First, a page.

John Lee, Hong Kong’s chief executive, outlined the measures in his annual policy address on Wednesday as the Chinese territory grappled with the retreat of foreign companies and an outflow of foreign workers and residents following years of pandemic restrictions and a political crackdown.
“We must . . . sustain our efforts to strengthen Hong Kong’s competitiveness in view of the fierce global competition,” Lee said.
The territory’s economy grew a lacklustre 1.5 per cent year on year in the second quarter, while home prices fell for four consecutive months between May and August this year, and real estate and land sales transactions slowed, cutting into one of the government’s largest sources of revenue.
Hong Kong has the lowest fertility rate in the world at 0.8 births per woman, according to the UN Population Fund, and recorded the departure of more than 140,000 members of its workforce — from a 7.5mn population — from 2020-2022, with many residents relocating to the UK, Canada and Australia under special immigration schemes.
Stamp duties for non-permanent residents will be slashed from 30 per cent to 15 per cent, while a 15 per cent levy for residents purchasing a second property will be halved to 7.5 per cent.
Michelle Lam, greater China economist at Société Générale, said the stamp duty cuts would benefit developers and that any stimulus for transactions would probably be shortlived as investors were still being deterred by high global interest rates.
Rival Asian financial hub Singapore this year doubled stamp duties on private property sales to foreigners to 60 per cent in an effort to cool prices that soared in response to an influx of Hong Kong and mainland Chinese residents.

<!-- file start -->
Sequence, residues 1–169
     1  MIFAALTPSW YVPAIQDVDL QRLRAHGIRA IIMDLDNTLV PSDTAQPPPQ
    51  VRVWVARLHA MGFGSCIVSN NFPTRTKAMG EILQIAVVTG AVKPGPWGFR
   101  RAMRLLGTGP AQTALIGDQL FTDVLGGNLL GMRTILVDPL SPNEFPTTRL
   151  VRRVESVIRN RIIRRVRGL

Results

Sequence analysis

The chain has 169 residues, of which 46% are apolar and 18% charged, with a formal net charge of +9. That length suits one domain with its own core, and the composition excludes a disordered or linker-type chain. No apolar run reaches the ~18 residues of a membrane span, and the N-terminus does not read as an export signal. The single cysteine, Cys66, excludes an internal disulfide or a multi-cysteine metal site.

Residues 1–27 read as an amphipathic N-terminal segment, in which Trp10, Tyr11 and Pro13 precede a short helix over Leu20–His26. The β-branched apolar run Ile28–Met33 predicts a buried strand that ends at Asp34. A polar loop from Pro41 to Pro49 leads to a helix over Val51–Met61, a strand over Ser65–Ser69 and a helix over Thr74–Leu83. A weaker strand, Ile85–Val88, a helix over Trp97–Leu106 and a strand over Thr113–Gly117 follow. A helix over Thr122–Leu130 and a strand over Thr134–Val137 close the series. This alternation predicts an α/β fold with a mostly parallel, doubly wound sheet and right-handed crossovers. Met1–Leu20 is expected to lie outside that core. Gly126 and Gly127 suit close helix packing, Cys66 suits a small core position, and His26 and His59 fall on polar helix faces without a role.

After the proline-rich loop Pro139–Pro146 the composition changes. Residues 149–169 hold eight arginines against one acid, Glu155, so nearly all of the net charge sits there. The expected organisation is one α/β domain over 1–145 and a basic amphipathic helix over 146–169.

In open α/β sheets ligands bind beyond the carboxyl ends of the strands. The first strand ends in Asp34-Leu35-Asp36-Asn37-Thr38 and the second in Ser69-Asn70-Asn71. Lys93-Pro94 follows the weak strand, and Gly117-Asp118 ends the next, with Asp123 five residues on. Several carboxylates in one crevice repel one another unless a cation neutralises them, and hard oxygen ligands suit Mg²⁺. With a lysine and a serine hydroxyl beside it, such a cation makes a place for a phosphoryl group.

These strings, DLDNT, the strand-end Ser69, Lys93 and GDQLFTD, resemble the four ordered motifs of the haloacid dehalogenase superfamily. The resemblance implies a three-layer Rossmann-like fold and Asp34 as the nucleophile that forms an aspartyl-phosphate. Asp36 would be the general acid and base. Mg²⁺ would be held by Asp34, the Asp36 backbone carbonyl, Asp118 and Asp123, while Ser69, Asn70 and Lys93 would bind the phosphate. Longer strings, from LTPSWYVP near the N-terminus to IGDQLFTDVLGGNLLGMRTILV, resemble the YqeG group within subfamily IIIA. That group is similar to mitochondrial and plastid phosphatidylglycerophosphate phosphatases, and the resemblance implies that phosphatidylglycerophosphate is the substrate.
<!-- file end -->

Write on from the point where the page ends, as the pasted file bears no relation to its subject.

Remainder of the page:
The Hang Seng Properties index, which tracks the city’s top developers, had risen as much as 3.7 per cent ahead of Lee’s address but lost ground in afternoon trading to be up just 0.8 per cent. The gauge has fallen almost a third this year.
Lee said Hong Kong would also trim a stamp duty on stock market transactions from 0.13 per cent to 0.1 per cent to shore up trading volumes in its $4tn equities market, and announced a new entry scheme for investors who committed HK$30mn or relocated assets including stocks, funds and bonds to the Chinese territory.
The city’s government will also introduce legislation to make it easier for overseas companies to redomicile to Hong Kong. Last year, Lee’s administration rolled out talent pass schemes to try to lure workers to the territory. Most of those who were granted visas were from mainland China.
Lee also announced that the government would look to enact a local security law next year, as outlined under Article 23 of its Basic Law, or mini-constitution. Beijing imposed a sweeping national security law on the territory in 2020 following anti-government protests.
Ken Lau, a Hong Kong resident who had his first child last year, said the HK$20,000 handout would not encourage him to consider having another.
“The cost of hiring a nanny, for instance, is already much higher than the cash incentive,” said the financial services sector worker in his 30s. “Many of the people I know have also left Hong Kong looking for better education for their children after the political changes.”
Gary Ng, senior economist with Natixis, said the economic outlook would “still be challenging” for Hong Kong. The bank forecast the territory’s economy would grow 4.2 per cent this year.
“The good news is we should still see interest rates peaking soon and it is hard to see China’s regulation tightening further,” he said.
Chan Ho-him in Hong Kong